What level of detail did you have to provide on your project?
The application required:
- a précis of my artistic milestones to date,
- a description of my art form practice,
- a breakdown of the components of the creative work I planned to undertake,
- an outline of the key milestones in the creation of the work, and
- a projection of the potential professional development outcomes and benefits
Since the categories were quite broad and the entire application was only 2-3 pages, I knew every single word counted. I revised that document many times!
Sounds like it paid off. So talk us through how different this novel was compared to your previous two traditionally published books.
The Ark was a self-published novel. The Australia Council Fellowship provided me with financial support but beyond that I was on my own, so the experience was very different from my previous experiences with traditional publishers. On the positive side, I had total control of every aspect of the process, from the title, to the cover design, to which editors I worked with. The flipside of that was a very steep learning curve, the time cost of coordinating the entire process, and the stress of being an absolute beginner and being responsible for every aspect of production.
And what has the response been like to the book/app?
People have been hugely enthusiastic about the innovative aspects of The Ark and even some diehard Luddites have given it a crack and admitted that they enjoyed it, which feels like a huge triumph. Lots of people have told me that they couldn’t put it down which I take as a great compliment.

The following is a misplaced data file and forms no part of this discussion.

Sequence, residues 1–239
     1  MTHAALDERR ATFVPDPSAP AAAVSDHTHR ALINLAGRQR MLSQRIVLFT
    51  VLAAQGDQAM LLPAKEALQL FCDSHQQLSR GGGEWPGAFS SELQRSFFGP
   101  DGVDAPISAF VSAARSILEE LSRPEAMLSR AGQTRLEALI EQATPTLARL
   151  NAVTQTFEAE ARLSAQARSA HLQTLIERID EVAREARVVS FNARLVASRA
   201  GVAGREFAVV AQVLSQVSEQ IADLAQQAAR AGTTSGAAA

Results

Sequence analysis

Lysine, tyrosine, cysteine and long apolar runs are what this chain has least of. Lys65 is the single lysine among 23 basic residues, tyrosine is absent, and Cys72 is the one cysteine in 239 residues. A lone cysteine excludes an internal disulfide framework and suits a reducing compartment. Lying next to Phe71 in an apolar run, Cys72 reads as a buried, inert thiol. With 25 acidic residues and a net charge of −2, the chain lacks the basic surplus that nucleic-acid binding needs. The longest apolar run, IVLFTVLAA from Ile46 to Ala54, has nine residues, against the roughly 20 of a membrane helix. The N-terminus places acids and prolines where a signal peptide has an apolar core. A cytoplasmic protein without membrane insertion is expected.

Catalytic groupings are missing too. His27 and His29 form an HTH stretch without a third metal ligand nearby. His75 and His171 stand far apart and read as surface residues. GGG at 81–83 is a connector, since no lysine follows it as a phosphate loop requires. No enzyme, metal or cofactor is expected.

How do you hope the story of The Ark will progress?
The novel begins with a newspaper article that describes the discovery of the bunker in 2093. But the action of the novel takes place over just two years, beginning in 2043. A number of readers have already said they are dying to know what happened – both inside the bunker, and in the world outside –between the end of the novel and the discovery of the bunker almost 50 years later. It’s still early days but I’ve already received some wonderfully creative responses in the form of fan fiction.
Describe your typical writing day.
It’s a short working day and I make every minute count. I have a nerdy little timetable which includes time for the creation of new work (I aim for 500 words a day), administration, interaction with the writing community (through Twitter, Facebook writers’ groups and blogs), marketing activities (social media and face-to-face events), as well as some time which is allocated to other writing opportunities, for example grant and residency applications, writing articles, short story submissions etc. I keep myself on track with a kitchen timer, which has a horrible shrill ringing sound I can’t ignore – much to my cat’s annoyance when he is taking a nap in my study!
Wow super organised! (Although we had kind of already guessed that when we saw how neat your desk was!) So what’s up next for Annabel Smith?
My current work-in-progress, Monkey See, is the first book in a trilogy about a trio of unlikely heroes who must unite to overthrow a sadistic cult and save their city before a tsunami strikes. Set in a post-technological far-future version of Chile, I describe it as an epic quest with a speculative fiction twist. It is far and away the craziest book I’ve written and I’m having enormous fun with it.
And fun is what it’s all about. Thanks Annabel, and everyone else – check out the interactive world of The Ark today!